Despite the demand for Ranger Raptor and Toyota's Land Cruiser Namib, not all special edition bakkies have been a success in South Africa.
Isuzu has experienced soft demand for its Arctic AT 35. Perhaps local gravel road conditions and off-road trails aren't suited to the enormous flotation properties of those oversized tyres.
The D-Max remains a quality bakkie, and tough with good ride quality.
Imagine if there was a special edition of Isuzu's bakkie, which was less OTT and more functional than an Arctic AT 35? Enter the D-Max GO2.
Beyond its very clever naming convention, this Isuzu bakkie has an appropriate off-road specification, which makes a great deal more sense than the brand's Arctic version.
Isuzu GO2 D-Max. Image: NewsPress
Better bits front and rear
The most striking component upgrades of Isuzu's GO2 are at either end. Oversized steel bumpers replace the factory plastic items and have two functions.
Firstly, they increased the front approach and rear departure angles for superior obstacle clearance in testing off-road conditions. The other benefit is providing a sturdy structure for recoveries: with GO2's front bumper housing a 4t-specification winch.
There is a debit to the new rear bumper, as the bakkie's rear park-distance control function is sacrificed, although Isuzu's GO2 does retain its reversing camera function.
Boosting the D-Max platform's off-road ability is a TrakRyder eXtreme suspension upgrade. Engineered by Australian specialist, Pedders, it features adjustable coil-overs with an inverted monotube design, to reduce friction and improve small-bump suspension performance.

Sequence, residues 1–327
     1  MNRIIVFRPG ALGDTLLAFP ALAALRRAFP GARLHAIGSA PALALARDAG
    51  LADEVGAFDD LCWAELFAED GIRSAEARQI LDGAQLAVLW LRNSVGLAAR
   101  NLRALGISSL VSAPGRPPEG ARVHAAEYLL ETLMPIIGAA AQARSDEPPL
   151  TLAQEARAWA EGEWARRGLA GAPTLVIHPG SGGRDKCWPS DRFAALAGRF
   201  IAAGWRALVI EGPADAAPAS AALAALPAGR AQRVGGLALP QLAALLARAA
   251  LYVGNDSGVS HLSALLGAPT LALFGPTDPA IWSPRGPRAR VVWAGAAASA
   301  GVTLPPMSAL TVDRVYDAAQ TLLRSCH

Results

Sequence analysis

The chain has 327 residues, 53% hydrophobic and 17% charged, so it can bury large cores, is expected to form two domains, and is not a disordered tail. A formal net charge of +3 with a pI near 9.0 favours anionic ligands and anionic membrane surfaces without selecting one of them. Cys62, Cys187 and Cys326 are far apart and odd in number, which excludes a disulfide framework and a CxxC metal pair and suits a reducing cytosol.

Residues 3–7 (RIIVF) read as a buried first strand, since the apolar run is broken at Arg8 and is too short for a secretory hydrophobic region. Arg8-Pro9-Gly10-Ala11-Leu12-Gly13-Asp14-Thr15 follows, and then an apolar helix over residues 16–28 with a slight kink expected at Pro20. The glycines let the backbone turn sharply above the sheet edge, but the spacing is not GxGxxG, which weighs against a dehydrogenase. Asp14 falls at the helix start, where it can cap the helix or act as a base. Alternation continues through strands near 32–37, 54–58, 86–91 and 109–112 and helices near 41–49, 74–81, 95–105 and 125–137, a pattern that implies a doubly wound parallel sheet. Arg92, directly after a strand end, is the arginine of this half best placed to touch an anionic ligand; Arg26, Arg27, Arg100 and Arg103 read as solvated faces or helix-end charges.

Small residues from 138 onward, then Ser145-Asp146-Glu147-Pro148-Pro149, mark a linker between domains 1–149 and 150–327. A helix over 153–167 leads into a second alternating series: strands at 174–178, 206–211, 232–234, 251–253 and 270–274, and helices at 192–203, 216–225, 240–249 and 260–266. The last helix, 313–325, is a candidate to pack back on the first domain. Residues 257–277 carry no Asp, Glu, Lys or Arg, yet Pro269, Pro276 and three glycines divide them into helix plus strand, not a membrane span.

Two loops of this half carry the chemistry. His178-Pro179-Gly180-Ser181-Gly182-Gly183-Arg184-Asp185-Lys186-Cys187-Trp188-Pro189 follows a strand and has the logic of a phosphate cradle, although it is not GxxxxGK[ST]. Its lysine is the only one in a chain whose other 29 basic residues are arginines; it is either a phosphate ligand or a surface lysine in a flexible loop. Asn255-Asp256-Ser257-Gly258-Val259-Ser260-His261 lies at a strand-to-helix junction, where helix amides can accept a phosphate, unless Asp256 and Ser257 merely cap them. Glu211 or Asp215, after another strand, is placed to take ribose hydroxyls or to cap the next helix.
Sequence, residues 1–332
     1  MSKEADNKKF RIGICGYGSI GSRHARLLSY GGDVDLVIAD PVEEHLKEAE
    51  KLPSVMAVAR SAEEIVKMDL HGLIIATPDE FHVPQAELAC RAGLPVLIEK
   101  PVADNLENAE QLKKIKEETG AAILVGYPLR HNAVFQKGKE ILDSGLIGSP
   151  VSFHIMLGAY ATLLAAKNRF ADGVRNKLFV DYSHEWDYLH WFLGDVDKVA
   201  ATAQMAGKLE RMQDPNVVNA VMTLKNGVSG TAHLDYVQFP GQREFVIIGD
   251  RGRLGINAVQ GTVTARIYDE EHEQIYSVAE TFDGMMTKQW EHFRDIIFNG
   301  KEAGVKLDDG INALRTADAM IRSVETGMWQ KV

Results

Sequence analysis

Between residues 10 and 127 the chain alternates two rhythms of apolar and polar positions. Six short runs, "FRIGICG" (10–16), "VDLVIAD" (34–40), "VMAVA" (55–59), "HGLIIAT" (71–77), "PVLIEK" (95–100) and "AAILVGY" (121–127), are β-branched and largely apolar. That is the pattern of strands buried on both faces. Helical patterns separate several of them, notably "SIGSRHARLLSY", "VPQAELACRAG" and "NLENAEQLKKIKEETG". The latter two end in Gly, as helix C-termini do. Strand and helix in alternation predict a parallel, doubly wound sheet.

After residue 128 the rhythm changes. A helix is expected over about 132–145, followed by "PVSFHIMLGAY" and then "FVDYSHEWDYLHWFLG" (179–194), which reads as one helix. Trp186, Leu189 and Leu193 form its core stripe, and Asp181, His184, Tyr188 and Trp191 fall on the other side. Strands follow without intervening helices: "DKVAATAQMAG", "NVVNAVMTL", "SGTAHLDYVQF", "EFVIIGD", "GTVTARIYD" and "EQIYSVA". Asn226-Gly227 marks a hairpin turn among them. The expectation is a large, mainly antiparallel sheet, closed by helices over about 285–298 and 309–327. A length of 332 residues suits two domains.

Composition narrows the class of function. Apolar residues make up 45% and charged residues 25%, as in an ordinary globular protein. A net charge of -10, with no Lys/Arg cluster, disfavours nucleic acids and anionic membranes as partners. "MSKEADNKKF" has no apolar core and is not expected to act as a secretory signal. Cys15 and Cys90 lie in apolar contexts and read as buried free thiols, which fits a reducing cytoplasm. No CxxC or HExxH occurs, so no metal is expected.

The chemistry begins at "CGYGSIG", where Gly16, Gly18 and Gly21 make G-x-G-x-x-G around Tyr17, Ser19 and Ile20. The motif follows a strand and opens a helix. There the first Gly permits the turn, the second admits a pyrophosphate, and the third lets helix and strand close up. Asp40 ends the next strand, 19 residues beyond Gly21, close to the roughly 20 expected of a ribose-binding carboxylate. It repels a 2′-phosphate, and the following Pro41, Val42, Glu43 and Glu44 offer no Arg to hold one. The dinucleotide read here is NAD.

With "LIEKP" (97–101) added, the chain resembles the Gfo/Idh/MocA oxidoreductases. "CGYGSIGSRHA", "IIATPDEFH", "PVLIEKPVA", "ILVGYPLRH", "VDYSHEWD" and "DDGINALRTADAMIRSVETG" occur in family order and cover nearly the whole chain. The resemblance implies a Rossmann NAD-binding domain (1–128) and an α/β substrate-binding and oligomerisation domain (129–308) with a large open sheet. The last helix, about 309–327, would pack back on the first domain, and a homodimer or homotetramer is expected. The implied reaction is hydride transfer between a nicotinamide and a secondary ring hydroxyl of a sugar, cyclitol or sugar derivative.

The GO2's Pedders suspension system adds additional oil volume, via remote canisters for each damper. These oil reservoirs ensure that no matter how rough the terrain becomes, your modified D-Max GO2 will always be consistent in its rock-crawling performance.
Aware of the terrain where its GO2 might venture, Isuzu has guaranteed that this bakkie's vulnerable underbody casings are protected. There is a rear differential guard and kink-shaped front sump guard, to keep all the fluids inside your drive and engine components, even if the GO2 does scrape terrain.
Isuzu GO2 D-Max. Image: NewsPress
Of course, it has a snorkel!
Atop the Isuzu D-Max GO2 is a roof-mounted LED light bar, which is particularly useful for navigating tricky off-road terrain at night. A Safari snorkel boosts wading depth, but its more significant benefit is channelling cooler, filtered air into the engine. When you are travelling through a dusty rural environment, the difference in air temperature and filtration quality at snorkel height, as opposed to your radiator intake, can differ quite considerably.
Rolling the D-Max GO2 along are relatively small 16-inch alloy wheels, shod with high-volume 33-inch General Grabber X3 mud-terrain tyres. Although Isuzu's D-Max double-cab 4x4s are ordinarily equipped with 18-inch wheels, the G02 downsizes to account for a notable increase in tyre size, with those Grabber X3s, which offer improved traction off-road.
Completing Isuzu's GO2 upgrade of its D-Max bakkie platform is an aftermarket brake system. It features ventilated discs with ceramic pads at the front wheels, mitigating the higher heat build-up under braking, due to the rolling momentum of those heavier tyres. At the rear, there is a combination disc and drum system, with the latter functioning under handbrake actuation.
Powering the GO2 is Isuzu's 1.9-litre turbodiesel engine, producing 120kW and 360Nm. Although global marketing plans are unclear, the D-Max GO2 concept vehicle has great potential.Isuzu GO2 D-Max. Image: NewsPress